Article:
Greg Heffley’s cheerful best friend Rowley Jefferson takes the reins in Diary of an Awesome Friendly Kid, the newest hilarious read in the Wimpy Kid world. Rowley is inspired to write about his life in a journal, but is ultimately pressured into making it a biography about Greg instead. He documents all of their hijinks from his perspective, and along the way, readers learn more about kind, well-intentioned Rowley himself.
Here are three major reasons both you and your child will love this book — just as much as the original series!
1. Kindness is Rowley’s superpower. Rowley is kind, naïve, and an all-around good kid — the perfect foil to the scheming prankster Greg. Throughout the books, your child will get a realistic portrayal of a middle school friendship, from pranks gone awry to peer pressure at every turn.
For instance, in one scene from the book, Rowley and Greg are brainstorming ideas for superheroes. Rowley’s superhero, Amazing Guy, has a novel superpower: the power of kindness. Greg tells him a superhero “should be edgy,” and that Amazing Guy should have “knives coming out of his knuckles,” but Rowley insists he wants Amazing Guy to be a role model for kids.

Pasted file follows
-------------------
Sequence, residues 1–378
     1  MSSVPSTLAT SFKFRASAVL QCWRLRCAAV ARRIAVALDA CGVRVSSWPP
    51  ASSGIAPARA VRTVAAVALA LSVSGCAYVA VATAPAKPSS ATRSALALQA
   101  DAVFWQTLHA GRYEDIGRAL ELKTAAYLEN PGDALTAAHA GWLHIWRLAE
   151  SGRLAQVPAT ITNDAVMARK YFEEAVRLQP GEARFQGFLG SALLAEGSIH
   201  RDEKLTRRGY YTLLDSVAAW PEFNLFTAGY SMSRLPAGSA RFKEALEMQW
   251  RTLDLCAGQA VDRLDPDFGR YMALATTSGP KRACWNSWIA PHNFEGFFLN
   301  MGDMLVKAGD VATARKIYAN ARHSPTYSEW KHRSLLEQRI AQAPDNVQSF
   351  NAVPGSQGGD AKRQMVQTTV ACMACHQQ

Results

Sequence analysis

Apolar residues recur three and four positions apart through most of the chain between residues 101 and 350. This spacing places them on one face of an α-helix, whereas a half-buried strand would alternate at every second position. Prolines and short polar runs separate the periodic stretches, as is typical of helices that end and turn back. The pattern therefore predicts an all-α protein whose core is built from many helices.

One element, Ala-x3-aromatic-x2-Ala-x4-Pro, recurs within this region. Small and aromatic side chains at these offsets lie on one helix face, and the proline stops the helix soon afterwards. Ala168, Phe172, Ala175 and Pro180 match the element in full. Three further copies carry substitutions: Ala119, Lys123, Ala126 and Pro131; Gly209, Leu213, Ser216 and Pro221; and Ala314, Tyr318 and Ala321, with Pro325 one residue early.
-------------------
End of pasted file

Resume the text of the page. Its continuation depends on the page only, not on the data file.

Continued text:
Rowley occasionally gives in to Greg’s goading and pranks, but overall, he isn’t afraid to be a goody two-shoes or a teacher’s pet — and he’s always kind to Greg, despite his teasing. Diary of an Awesome Friendly Kid is a great way to spark important conversations with your child about peer pressure and staying true to yourself, no matter what your friends say or do.
2. Rowley’s journal is just as funny as Greg’s! Though Greg may be the more mischievous friend, there’s no shortage of humor in Rowley’s journal. From an unfortunate run-in with a hornet’s nest to an egg-cident that gets the pair kicked out of the library, Diary of an Awesome Friendly Kid is packed with side-splitters that will make your kid howl with laughter.
Humor is an easy way to entice kids who may find reading onerous: The Scholastic Kids & Family Reading Report found that 52 percent of kids ages 6 to 17 want books that make them laugh above anything else. When your child has goofy books to read just for fun, it makes reading an enjoyable activity instead of a chore.
3. Seeing Greg through Rowley’s eyes may take your kid by surprise. Encouraging kids to consider different characters’ perspectives can enhance reading comprehension skills, and can help them gain a greater understanding of the world. Diary of an Awesome Friendly Kid helps children think about how others may see Greg’s actions — what seems harmless to Greg, for example, may be upsetting to Rowley. This reading skill is usually emphasized beginning in 4th grade and onward, and digging into Rowley’s journal is an easy way for your child to practice it.
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